Because the district court would have imposed the same sentence on an undocumented immigrant convicted of sexual battery and illegal reentry, the error made in the process was harmless.
Macias-Maldonado illegally entered the United States in 2006. In January 2010, Macias-Maldonado was removed from the United States, but sometime thereafter unlawfully reentered this country. In February 2017, Macias-Maldonado was convicted of a misdemeanor sexual battery in a Virginia court and sentenced to 12 months in prison.
In April 2017, Macias-Maldonado pleaded guilty in federal court to illegal reentry subsequent to a conviction for an aggravated felony (a 2009 forgery conviction). Applying the 2016 edition of the Sentencing Guidelines, Macias-Maldonado’s presentence report suggested a total offense level of 10. The PSR calculated an advisory guidelines range of 15 to 21 months.
At Macias-Maldonado’s sentencing hearing, the district court adopted the PSR. The court ruled that Macias-Maldonado’s total offense level of 10 failed to adequately account for the seriousness of the conduct underlying his 2017 sexual battery conviction. Utilizing the analogous offense approach, the court concluded that Macias-Maldonado’s total offense level for his illegal reentry offense of conviction should be 27. The court calculated Macias-Maldonado’s advisory guidelines range as 120 to 150 months in prison.
Having arrived at what it viewed as the proper guidelines range, the district court observed that a sentence at the bottom of that range would be greater than necessary to achieve the aims of sentencing. The court sentenced Macias-Maldonado to 48 months in prison.
Five days after the sentencing hearing — and prior to entry of the criminal judgment — the district court sua sponte entered an order vacating Macias-Maldonado’s sentence. In response, Macias-Maldonado objected to the court’s order and contended that it lacked jurisdiction to either vacate the 48-month sentence or conduct a resentencing. The government agreed with Macias-Maldonado that the court lacked the authority to vacate the sentence.
On Aug. 22, 2017, the district court conducted a hearing on the propriety of its July 18, 2017 order vacating Macias-Maldonado’s sentence. The court emphasized and confirmed that “the sentence would be the same no matter what happened.”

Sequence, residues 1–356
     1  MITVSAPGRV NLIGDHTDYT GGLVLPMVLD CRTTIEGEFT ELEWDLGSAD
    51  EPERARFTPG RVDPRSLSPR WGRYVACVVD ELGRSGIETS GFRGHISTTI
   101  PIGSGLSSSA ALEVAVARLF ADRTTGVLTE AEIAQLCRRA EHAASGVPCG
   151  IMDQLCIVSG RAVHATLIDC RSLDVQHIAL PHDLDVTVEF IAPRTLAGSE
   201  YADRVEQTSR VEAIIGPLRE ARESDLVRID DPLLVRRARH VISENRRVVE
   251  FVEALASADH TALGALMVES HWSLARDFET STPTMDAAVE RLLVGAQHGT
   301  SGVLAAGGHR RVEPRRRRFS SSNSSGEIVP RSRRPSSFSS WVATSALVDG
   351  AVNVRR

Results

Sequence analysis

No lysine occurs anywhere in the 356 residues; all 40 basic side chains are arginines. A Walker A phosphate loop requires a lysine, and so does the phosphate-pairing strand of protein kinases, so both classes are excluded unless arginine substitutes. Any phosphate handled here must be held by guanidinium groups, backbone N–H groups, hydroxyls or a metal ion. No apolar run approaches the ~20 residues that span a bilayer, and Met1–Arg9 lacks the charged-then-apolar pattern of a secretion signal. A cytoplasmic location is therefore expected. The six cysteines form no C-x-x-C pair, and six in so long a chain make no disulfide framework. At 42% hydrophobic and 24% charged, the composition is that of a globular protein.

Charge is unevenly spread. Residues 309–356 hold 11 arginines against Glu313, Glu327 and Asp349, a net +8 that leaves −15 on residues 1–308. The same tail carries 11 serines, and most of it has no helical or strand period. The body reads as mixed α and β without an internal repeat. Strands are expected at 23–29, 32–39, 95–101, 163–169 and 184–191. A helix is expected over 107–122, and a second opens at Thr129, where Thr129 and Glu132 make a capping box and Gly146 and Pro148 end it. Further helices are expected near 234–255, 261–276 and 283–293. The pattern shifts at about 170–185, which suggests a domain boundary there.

On Aug. 31, 2017, by way of a memorandum opinion relating to the post-sentencing hearing, the district court again explained that, at the sentencing hearing of July 13, 2017, it had departed upward to an advisory guidelines range of 120 to 150 months and then varied downward to a 48-month sentence. The opinion reiterated that the court had erred in calculating the permissible upward departure. The court therein explained, however — in agreement with the parties — that it lacked any authority to correct that error by way of vacatur of the 48-month sentence and a resentencing. In any event, the court specified that its sentencing error was harmless because it had “impose[d] the sentence that it independently determined was sufficient but not greater than necessary under 18 U.S.C. §3553(a).” That very day, the court entered an order vacating its sua sponte order of July 18, 2017, and reinstating Macias-Maldonado’s 48-month sentence.
Rather than resolve the merits of a guidelines calculation challenge, we are entitled to assume that a district court erred and evaluate whether that assumed error is harmless.
Macias-Maldonado argues that the first prong of the harmlessness inquiry is not satisfied in these proceedings. He contends that the record is equivocal concerning the district court’s intent to impose a 48-month sentence absent the advisory guidelines calculation error.
Our assessment of the record leads us to conclude that the district court would have imposed a 48-month sentence in any event. More specifically, even if the court had not miscalculated Macias-Maldonado’s advisory guidelines range by applying the base offense level applicable to the offense of aggravated sexual abuse, it would have reached the same result. Contrary to Macias-Maldonado’s contention, the court’s explanations at the post-sentencing hearing do not cast any doubt on its unambiguous intention to impose a 48-month sentence, regardless of the applicable guidelines range.
We will therefore turn to and assess the sole remaining question: whether the 48-month sentence imposed on Macias-Maldonado is substantively reasonable. Accepting Macias-Maldonado’s advisory guidelines range as 15 to 21 months, we are satisfied that his 48-month sentence is substantively reasonable.
United States v. Macias-Maldonado, Appeal No. 17-4614, Oct. 11 2018. 4th Cir. (per curiam), from EDVA at Richmond (Payne). Paul Geoffrey Gill for Appellant; Stephen David Schiller for Appellee. VLW No. 018-2-193, 13 pp.